The fireworks, however, will really kick in on Friday. That's when we'll see if the unemployment rate really did tick up to 9.7% last month, as anticipated. We'll also get the net job growth number and a few other employment data nuggets that day; all of them are clues.

S&P 500

Despite Friday's 5 point gain for the S&P 500, it wasn't enough to put the index back into the black for the week. The SPX still lost 2.4 points from the prior Friday's close (-0.2%). The loss, however, isn't necessarily the most troubling part of last week's action.

No, the alarming part was last week's tall Doji bar... a bar consisting of a relatively wide high/low range, and with an open and close that are essentially at the same level; the SPX opens last week at 1148.66, and closed at 1146.24. Dojis are problematic (for the bulls) in that they indicate indecision, and quite often also indicate a reversal. Almost needless to say, after four consecutive winning weeks, a 'reversal' can only be a pullback for options trading.

And on a side note, yes, Friday's advance was made on pretty high volume, but there was more volume behind Thursday's selling.

As we've said repeatedly now, a pullback from here doesn't have to be disastrous. In fact, our bigger-picture indications suggest it won't be. We've actually seen several bullish crosses of key moving average lines, any of which could/should act as support upon any dip.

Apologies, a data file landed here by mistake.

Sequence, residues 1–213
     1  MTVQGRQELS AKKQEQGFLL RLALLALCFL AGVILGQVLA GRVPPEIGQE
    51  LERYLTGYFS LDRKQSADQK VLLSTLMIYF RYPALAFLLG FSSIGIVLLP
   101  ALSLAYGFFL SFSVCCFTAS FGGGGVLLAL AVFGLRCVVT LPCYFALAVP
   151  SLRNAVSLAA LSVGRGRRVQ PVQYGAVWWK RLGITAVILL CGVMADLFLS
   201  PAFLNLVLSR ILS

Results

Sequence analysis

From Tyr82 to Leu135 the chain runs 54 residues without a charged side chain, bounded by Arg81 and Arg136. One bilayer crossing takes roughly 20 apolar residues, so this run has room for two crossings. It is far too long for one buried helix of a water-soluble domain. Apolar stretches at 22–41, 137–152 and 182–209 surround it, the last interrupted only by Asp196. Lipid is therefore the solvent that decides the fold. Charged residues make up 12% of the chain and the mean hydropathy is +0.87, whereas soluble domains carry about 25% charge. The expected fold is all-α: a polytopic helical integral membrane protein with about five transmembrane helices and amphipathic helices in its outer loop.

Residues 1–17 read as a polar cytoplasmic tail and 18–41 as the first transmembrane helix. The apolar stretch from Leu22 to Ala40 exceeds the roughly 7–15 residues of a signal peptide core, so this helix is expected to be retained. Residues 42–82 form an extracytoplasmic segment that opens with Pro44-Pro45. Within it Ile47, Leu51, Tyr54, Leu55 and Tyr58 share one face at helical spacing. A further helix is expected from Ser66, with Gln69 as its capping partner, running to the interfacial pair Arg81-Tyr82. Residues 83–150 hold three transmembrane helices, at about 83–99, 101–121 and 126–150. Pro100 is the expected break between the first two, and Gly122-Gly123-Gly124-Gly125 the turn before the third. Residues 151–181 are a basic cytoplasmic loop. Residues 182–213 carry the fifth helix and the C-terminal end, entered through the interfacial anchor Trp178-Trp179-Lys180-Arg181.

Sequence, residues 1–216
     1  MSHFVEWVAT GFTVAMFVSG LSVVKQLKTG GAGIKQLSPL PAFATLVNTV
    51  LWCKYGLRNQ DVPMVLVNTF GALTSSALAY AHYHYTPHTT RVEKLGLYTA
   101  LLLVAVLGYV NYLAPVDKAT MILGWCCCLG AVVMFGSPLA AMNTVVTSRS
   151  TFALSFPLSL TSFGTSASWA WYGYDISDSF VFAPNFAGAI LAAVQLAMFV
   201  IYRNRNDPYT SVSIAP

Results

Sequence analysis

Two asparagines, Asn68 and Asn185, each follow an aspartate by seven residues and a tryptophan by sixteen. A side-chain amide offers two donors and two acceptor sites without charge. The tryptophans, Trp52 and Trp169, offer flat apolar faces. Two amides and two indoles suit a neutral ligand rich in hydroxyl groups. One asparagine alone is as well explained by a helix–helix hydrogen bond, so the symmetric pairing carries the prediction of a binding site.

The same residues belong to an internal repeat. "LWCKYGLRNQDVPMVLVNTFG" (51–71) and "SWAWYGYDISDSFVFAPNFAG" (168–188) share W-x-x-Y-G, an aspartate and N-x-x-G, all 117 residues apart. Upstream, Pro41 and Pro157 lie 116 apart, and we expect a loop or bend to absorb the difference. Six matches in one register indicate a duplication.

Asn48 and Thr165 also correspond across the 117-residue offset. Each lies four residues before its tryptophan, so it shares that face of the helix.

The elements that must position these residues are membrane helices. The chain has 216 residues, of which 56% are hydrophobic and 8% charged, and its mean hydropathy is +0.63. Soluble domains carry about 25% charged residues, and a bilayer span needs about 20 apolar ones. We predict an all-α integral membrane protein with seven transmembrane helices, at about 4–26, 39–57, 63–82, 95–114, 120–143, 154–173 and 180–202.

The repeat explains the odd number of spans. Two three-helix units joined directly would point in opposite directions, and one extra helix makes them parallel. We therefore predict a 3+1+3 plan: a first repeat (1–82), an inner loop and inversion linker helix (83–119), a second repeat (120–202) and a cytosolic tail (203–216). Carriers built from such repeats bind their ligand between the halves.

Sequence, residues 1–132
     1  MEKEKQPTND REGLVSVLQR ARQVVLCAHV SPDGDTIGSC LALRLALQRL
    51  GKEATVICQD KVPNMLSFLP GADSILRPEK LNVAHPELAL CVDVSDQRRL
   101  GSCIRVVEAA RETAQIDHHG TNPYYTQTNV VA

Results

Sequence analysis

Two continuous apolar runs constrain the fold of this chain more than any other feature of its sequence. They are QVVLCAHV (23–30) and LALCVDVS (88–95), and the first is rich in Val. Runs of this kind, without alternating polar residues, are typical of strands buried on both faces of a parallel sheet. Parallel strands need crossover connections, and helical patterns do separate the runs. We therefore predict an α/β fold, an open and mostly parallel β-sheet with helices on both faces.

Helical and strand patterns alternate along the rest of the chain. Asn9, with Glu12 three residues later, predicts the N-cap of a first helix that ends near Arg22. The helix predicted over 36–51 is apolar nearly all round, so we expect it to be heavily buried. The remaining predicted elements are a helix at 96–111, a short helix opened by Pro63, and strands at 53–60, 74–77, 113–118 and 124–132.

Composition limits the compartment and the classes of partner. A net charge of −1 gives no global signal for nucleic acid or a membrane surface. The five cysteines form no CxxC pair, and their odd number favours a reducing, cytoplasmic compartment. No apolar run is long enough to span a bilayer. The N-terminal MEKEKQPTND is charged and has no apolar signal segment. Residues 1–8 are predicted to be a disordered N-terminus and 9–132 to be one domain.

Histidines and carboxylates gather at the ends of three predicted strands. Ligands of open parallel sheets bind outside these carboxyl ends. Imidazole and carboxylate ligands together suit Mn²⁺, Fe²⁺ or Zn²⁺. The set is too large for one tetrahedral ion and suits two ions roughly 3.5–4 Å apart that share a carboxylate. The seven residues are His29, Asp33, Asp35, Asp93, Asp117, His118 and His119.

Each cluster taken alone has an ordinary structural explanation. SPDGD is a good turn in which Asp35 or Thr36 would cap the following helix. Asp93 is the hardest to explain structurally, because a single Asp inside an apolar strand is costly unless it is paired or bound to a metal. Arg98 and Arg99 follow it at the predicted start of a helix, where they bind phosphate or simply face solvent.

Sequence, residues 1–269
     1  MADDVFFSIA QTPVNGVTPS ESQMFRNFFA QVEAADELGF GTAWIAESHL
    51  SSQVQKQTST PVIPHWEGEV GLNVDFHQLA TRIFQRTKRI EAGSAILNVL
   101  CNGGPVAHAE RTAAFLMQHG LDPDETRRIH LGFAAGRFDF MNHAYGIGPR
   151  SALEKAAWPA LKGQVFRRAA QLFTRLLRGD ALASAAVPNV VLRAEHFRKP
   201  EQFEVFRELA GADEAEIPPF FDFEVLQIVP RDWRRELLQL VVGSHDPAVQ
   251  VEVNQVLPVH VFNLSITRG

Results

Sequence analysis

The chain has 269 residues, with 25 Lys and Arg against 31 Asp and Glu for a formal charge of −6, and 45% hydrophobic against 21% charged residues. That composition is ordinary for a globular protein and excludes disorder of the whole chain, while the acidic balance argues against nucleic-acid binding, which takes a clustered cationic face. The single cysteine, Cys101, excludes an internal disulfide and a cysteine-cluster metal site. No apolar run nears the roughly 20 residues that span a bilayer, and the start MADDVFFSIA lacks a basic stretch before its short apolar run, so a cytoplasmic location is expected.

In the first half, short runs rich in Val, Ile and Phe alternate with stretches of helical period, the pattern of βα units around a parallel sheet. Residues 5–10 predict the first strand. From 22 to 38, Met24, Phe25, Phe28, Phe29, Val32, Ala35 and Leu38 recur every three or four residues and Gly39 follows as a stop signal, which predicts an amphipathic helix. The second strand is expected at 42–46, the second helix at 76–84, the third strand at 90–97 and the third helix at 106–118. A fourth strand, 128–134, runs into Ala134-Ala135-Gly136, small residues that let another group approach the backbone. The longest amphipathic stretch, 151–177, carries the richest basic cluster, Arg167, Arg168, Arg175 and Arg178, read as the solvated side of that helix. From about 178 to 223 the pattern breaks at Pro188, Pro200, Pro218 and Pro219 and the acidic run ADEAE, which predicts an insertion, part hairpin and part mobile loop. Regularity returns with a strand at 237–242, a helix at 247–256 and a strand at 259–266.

All told, the likely worst-case scenario from here (for the S&P 500, anyway) is a revisit of the 1110-ish area. That's not only where you'll find the 50-day and 100-day moving average lines, but it's also the mid-point of the Bollinger bands.

Of course, until the former-resistance line at 1130 crumbles, even that minor bearish move is on hold.

S&P 500

100310-sp500

Sector Performance

There's no confusion about last week's big winner.... energy. With the price of oil still on the mend, coupled with the reality that a double-dip recession is the long shot, this year-to-date laggard is now a compelling rebound play.

On the flipside, the laggard for the week isn't a new name - financials have been struggling for weeks now, and there's no end in sight.

Sector Ranking

100310-sector-rank

(Click to enlarge)

Just to mix things up a little, here's a better visualization of how each sector has fared since the April 23trd top and the subsequent rebound. It's here we can see telecom's strength is the real deal. We can also get a better feel for how much room the energy stocks have to recover...and how well they're doing so.

Sector Comparison

100310-sector-comparison

Style Performance

Value won the race over growth stocks last week, and there was a clear bias for stocks on the smaller side of the spectrum. In fact, had it not been for large caps, the market would have actually been in the black last week.

That being said, the longer-term view shows no real winning or losing style group. In other words, there isn't a bias we need to adopt here at this point.

Style Ranking

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(Click to enlarge)

That lack of style/cap bias is underscored by the percentage-change comparison chart below, starting the clock at the April 23rd peak. We do expect to see some divergence here in the foreseeable future, but for right now, the tide is lifting and dropping all boats equally.

Style Comparison

100310-style-comparison

Disclosure: No positions.

Source: Weekly Market Outlook: Doji Bar Concern